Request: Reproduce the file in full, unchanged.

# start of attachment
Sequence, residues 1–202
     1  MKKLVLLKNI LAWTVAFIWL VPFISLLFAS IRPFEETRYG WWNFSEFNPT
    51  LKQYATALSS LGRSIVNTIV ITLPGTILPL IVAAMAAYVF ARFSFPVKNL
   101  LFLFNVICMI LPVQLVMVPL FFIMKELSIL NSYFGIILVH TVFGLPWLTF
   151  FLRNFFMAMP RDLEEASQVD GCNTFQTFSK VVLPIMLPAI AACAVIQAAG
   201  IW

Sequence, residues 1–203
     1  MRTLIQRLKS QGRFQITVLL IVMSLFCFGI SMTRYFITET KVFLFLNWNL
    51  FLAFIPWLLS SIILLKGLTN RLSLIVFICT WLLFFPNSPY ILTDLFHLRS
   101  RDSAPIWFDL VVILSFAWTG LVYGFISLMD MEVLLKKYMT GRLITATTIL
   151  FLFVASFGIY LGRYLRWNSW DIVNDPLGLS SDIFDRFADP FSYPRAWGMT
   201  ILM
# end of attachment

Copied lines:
Sequence, residues 1–202
     1  MKKLVLLKNI LAWTVAFIWL VPFISLLFAS IRPFEETRYG WWNFSEFNPT
    51  LKQYATALSS LGRSIVNTIV ITLPGTILPL IVAAMAAYVF ARFSFPVKNL
   101  LFLFNVICMI LPVQLVMVPL FFIMKELSIL NSYFGIILVH TVFGLPWLTF
   151  FLRNFFMAMP RDLEEASQVD GCNTFQTFSK VVLPIMLPAI AACAVIQAAG
   201  IW

Sequence, residues 1–203
     1  MRTLIQRLKS QGRFQITVLL IVMSLFCFGI SMTRYFITET KVFLFLNWNL
    51  FLAFIPWLLS SIILLKGLTN RLSLIVFICT WLLFFPNSPY ILTDLFHLRS
   101  RDSAPIWFDL VVILSFAWTG LVYGFISLMD MEVLLKKYMT GRLITATTIL
   151  FLFVASFGIY LGRYLRWNSW DIVNDPLGLS SDIFDRFADP FSYPRAWGMT
   201  ILM